One would have to think back quite a way to remember a New York Philharmonic season that did not feature the amazing gifts of Pinchas Zukerman, who has graced its programs for six decades. This month, June 6 _9, he returns both as violin soloist and as conductor and marks his 100th engagement with the Orchestra, a milestone that has taken the tall, handsome, legend-in-his-own-time by surprise. Caught between laughter and tears as he realizes that there is truth in the old adage about time flying when one is having fun, he says, "The Philharmonic is like family, and while I am always at ease with them, I'm also always amazed. That continuous depth of unbelievable sound they produce remains unchanged."
Zukerman reflects: "Through all the years : the different music directors, players coming and going, acoustical adjustments : the Philharmonic has maintained the secret to that fabulous, unmistakable sound." The prospect of melding that sound with his own inimitable velvet tone in an atmosphere of mutual respect, friendship, and admiration delights him. In fact, his repertoire choices for this month's appearances were guided by anticipation for what he and his colleagues will enjoy playing, discussing, and exploring.
"With the Violin Concerto in A minor," explains Zukerman, "Bach helped evolve the genre: he created something new and more complex than his predecessors, that as a violinist I find so beautiful and well put together. Now, Mozart's Violin Concerto No. 5 has some very wonderful and famous sections and a very operatic sense of drama; after this Fifth Concerto he wrote to his father that he would no longer write violin concertos. He went on to make others handle all his diffi cult violin music : in chamber music and symphonies : which led me to put Mozart's Symphony No. 39 on this program."
This takes us to the works that Zukerman is leading from the podium. "I've always wanted to do the Mozart symphony with the Philharmonic," he says, with relish, "because, temperamentally, I feel we would handle it so well together. And the Stravinsky is so beautifully and imaginatively written : challenging to play; something from the 20th century for a smaller group that provides great contrast."
Pinchas Zukerman has performed with the New York Philharmonic under 17 conductors, including some of its very diverse Music Directors, about whom he has a unique perspective. "My 1969 performance," he recalls, "was my Philharmonic debut, and also my first experience with Lenny Bernstein. What most people don't realize is the degree to which his kindheartedness guided his every decision. I was this boy just out of Juilliard, and he was a guiding light of support for me. He was such a mensch!"
The virtuoso credits Pierre Boulez with instilling in the Orchestra a sense of the "composer's mind at work." He recalls: "Boulez intellectualized the piece as if he'd composed it, but palpably, so you could see and hear that : it was extraordinary." Zukerman cites Zubin Mehta's tenure as having provided technical clarity: "His hands and body moved so perfectly, yet there was never a single extraneous motion; whether it was 18 people or 18,000, his beat never changed. He knew and conveyed so much, yet he made it look so seamless.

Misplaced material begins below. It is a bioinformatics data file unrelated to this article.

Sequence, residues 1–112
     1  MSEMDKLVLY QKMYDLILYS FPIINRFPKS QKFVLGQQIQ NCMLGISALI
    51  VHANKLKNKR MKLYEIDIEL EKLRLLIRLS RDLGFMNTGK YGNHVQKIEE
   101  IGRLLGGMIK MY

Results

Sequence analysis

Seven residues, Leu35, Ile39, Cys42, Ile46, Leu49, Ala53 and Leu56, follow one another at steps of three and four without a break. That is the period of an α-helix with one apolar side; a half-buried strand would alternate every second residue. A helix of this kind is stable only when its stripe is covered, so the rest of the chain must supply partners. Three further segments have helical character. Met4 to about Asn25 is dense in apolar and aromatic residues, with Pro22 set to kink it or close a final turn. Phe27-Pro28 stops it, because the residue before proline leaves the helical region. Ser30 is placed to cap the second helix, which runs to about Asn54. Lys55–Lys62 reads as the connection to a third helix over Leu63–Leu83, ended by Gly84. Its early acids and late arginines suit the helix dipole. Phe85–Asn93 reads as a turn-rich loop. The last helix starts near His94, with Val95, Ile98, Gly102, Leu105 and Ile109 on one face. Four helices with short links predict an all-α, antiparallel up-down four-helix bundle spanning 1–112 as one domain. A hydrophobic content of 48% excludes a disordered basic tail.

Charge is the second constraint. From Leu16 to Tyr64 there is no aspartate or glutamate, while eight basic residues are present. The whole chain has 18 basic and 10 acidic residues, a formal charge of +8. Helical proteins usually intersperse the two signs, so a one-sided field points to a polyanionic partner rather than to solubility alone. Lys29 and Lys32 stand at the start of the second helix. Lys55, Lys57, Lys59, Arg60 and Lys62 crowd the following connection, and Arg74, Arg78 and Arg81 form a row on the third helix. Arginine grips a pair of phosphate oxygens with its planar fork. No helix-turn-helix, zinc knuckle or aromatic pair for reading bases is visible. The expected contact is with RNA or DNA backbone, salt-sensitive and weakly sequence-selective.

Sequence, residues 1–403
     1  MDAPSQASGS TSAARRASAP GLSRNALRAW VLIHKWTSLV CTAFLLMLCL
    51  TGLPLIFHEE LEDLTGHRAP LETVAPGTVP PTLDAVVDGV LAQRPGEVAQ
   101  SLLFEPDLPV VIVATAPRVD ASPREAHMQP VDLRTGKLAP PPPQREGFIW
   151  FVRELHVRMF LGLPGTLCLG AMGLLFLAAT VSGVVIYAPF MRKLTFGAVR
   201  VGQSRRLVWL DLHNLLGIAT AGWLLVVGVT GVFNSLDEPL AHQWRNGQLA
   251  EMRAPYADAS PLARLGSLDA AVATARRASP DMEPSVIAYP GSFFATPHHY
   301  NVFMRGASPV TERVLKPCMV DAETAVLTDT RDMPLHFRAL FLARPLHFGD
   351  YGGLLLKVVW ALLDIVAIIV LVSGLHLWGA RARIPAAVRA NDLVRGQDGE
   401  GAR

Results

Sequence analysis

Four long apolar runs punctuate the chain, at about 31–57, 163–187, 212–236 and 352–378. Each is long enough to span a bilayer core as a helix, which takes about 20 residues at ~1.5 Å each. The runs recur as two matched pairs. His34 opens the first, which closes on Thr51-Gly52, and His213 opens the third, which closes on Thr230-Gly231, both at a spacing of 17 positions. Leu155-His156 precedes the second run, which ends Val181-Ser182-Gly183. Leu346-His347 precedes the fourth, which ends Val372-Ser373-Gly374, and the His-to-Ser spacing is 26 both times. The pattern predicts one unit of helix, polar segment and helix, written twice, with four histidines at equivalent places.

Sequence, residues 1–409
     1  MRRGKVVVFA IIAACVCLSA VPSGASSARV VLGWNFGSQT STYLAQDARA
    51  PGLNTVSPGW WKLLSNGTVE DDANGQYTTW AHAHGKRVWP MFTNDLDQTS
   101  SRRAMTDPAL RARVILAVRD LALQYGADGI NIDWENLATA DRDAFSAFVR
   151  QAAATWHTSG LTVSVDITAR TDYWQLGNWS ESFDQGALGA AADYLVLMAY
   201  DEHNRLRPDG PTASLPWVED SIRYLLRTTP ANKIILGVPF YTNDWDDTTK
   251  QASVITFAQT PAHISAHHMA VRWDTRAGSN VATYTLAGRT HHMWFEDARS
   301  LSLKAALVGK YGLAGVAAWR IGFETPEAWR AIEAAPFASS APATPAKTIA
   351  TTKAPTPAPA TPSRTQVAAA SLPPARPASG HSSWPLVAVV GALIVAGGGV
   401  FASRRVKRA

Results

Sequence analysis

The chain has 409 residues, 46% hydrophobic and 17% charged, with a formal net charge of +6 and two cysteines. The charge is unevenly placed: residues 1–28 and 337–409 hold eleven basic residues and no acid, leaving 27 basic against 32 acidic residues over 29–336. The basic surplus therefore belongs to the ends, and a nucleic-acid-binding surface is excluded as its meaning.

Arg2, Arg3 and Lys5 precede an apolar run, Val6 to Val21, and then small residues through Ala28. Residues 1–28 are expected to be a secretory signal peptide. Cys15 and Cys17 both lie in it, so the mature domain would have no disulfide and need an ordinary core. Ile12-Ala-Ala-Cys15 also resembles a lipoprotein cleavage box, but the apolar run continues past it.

"And, of course," says Zukerman, "I must speak of the present and future : of Alan Gilbert. I have worked with him, both as his soloist and his chamber music colleague, and I think he's a terrifically dedicated artist, one who seeks to progress as a musician, not just a careerist. I admire that tremendously."
Born in 1948 in Tel Aviv, Pinchas Zukerman came to the United States in 1962, attending The Juilliard School and winning the prestigious Leventritt Competition in 1967. He was only 20 when he made his New York Philharmonic debut as soloist, playing the Mendelssohn Violin Concerto, one of four works he has recorded with the Orchestra.
Over the last decade Zukerman has garnered acclaim as a conductor, and is currently both music director of the National Arts Centre Orchestra in Ottawa and principal guest conductor of London's Royal Philharmonic Orchestra. He is also a world-class chamber music player, performing with such distinguished colleagues as Yefim Bronfman and Itzhak Perlman and with his own group, the Zukerman ChamberPlayers. His incomparable sound can be heard on a vast and distinguished discography as well as on film and documentary scores, while his generosity and innovation have made him a beloved pedagogue and passionate arts advocate.
Zukerman dreams of using real-time technology to cultivate the arts in American society beginning with the earliest level of education, and he feels that the New York Philharmonic is in a rare position to achieve this aim. "We've been blessed with this rare, iconic orchestra that forever maintains its virtuosity," he says. "To bring that to youngsters beyond the four walls of Lincoln Center is a wonderful opportunity indeed."
Robin Tabachnik is a New York _based arts and culture journalist who writes frequently for Playbill, Town & Country, and IN New York magazine.